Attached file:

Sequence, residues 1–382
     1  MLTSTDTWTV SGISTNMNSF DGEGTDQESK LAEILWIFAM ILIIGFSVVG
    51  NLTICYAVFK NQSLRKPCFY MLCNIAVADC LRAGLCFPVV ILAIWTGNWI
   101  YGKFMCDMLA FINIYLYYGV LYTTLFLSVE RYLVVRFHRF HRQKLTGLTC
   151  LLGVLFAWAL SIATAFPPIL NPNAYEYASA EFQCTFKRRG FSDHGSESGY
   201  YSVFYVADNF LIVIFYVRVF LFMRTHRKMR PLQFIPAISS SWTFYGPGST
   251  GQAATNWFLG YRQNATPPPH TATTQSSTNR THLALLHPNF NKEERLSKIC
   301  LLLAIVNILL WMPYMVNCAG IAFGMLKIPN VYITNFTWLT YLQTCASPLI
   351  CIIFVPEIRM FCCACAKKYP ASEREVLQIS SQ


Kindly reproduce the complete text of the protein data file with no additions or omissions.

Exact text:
Sequence, residues 1–382
     1  MLTSTDTWTV SGISTNMNSF DGEGTDQESK LAEILWIFAM ILIIGFSVVG
    51  NLTICYAVFK NQSLRKPCFY MLCNIAVADC LRAGLCFPVV ILAIWTGNWI
   101  YGKFMCDMLA FINIYLYYGV LYTTLFLSVE RYLVVRFHRF HRQKLTGLTC
   151  LLGVLFAWAL SIATAFPPIL NPNAYEYASA EFQCTFKRRG FSDHGSESGY
   201  YSVFYVADNF LIVIFYVRVF LFMRTHRKMR PLQFIPAISS SWTFYGPGST
   251  GQAATNWFLG YRQNATPPPH TATTQSSTNR THLALLHPNF NKEERLSKIC
   301  LLLAIVNILL WMPYMVNCAG IAFGMLKIPN VYITNFTWLT YLQTCASPLI
   351  CIIFVPEIRM FCCACAKKYP ASEREVLQIS SQ